It’s hard to believe now, but in 1856, the United States and Iran entered into a Treaty of Commerce & Friendship, a term so benign, one can picture them signing it over Persian pastries and tea. Since then, the relationship has deteriorated. The character dynamics in Mean Girls can help us understand why.
In this analogy, think of Iran as Cady. It signed the Commerce & Friendship treaty because it thought of the United States as a Janis, an ally against Britain and Russia’s Regina George-like imperial power. But the United States was not Janis. Instead, the U.S. was jockeying to exploit Iran’s newly-valuable oil reserves in the same way Regina and the Plastics exploited Cady’s attractiveness. And neither Cady’s alliance with Janis nor Iran’s with the United States was powerful enough to resist the imperial forces.
By 1907, the rulers of the Qajar Dynasty entered into a short-sighted and disastrous treaty with Russia and Britain, not unlike Cady’s initiation into the Plastics. Iran became a de facto Russo-British colony – stripped of many of its natural assets – while Cady became Georgina’s supplicant, stripped of her natural intelligence, pretending to flunk math. The seeds of both Cady and Iran’s undoing were in these agreements.
In 1921, Reza Khan staged a British-led coup of the Qajar ruler, akin to Cady’s attempt to overthrow Regina. Two decades later, Reza Khan’s son, Reza Shah Pahlavi, took over and expanded his power just like Cady expanded her power by turning Gretchen and Karen against Regina. They both began believe their own hype. Reza Shah amended the Iranian constitution to give himself the sole power to dissolve parliament while Cady made her move on Aaron at the house party.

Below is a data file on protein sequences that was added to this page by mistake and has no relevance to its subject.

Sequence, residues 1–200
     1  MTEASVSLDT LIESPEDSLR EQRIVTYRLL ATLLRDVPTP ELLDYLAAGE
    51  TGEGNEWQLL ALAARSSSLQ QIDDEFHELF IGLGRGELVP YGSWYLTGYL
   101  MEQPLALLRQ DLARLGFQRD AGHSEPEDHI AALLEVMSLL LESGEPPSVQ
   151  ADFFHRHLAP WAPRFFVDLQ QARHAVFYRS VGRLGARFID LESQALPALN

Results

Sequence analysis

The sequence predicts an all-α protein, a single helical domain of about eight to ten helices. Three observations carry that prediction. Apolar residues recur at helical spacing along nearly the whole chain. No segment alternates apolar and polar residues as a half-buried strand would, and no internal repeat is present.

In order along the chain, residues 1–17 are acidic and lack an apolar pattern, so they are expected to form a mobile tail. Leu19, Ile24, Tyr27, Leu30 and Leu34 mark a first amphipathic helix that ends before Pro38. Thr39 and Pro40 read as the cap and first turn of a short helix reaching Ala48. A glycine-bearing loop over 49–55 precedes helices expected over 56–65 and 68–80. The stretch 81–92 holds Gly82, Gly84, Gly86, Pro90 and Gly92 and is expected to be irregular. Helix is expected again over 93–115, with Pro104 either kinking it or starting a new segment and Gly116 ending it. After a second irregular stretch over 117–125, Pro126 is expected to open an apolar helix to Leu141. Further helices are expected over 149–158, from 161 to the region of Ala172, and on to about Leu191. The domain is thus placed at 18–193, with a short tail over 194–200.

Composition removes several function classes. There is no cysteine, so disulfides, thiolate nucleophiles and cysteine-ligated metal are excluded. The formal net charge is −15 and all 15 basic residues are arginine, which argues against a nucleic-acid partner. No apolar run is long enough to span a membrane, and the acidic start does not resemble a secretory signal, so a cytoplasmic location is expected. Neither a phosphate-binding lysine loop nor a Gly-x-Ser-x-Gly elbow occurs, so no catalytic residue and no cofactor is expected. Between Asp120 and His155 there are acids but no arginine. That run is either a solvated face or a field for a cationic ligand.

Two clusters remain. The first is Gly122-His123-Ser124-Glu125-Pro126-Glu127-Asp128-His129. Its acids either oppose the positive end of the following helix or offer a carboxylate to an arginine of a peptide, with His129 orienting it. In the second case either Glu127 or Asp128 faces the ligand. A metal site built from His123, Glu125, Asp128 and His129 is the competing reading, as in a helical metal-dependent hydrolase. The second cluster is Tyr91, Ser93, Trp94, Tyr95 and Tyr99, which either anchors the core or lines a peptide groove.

Lawmaker Mohammed Mosaddegh, our actual Janis, reclaimed and nationalized the Iranian oil industry from Britain in 1951, for which he was elected prime minister. Janis and Mossaddegh warned Cady and Reza Shah they were becoming that which they had disdained, but neither listened. A few years after Mossaddegh was elected prime minister, Reza Shah attempted to fire him in the same way Cady abandoned Janis.
This triggered mass protests and Reza Shah fled the country – but the C.I.A. staged a coup and installed a top general in Mosseddegh’s place until Rezah Shah could return to power. When he did, Rezah Shah created a powerful secret police called SAVAK that tracked the movement of all its citizens and quashed dissent like Regina’s gossip and Burn Book. Students at North Shore High School came to fear and loathe Regina just as Iranian citizens feared and loathed Reza Shah.
Everything came to a boil when the citizens rose up against Reza Shah, who was seen by many as a puppet of the U.S. and the UK. He was forced to flee amid intensifying unrest in early 1979. Likewise, all hell broke loose when Regina scattered pages of the Burn Book throughout the halls of North Shore High School.
As Reza Shah fled, exiled religious leader Ayatollah Khomeini returned to Iran and fomented the Iranian Revolution in February 1979, which turned Iran from a monarchy with a constitutional republic into a theocracy. He was virulently anti-American and regarded the United States as an unwelcome intruder in Iranian affairs.
He was furious the United States accepted the cancer-stricken Shah for treatment in October 1979 and, in retaliation, encouraged his followers (mainly Iranian students) to seize the U.S. Embassy in Tehran. They took all sixty-three employees hostage, demanding the U.S. return the Shah to Iran to stand trial as a war criminal. Instead, the Shah died in exile.
After the Iran Hostage Crisis, the once-close relationship between the United States and Iran was never the same. Perhaps because, like Cady and Regina, it was never based on mutual respect or trust.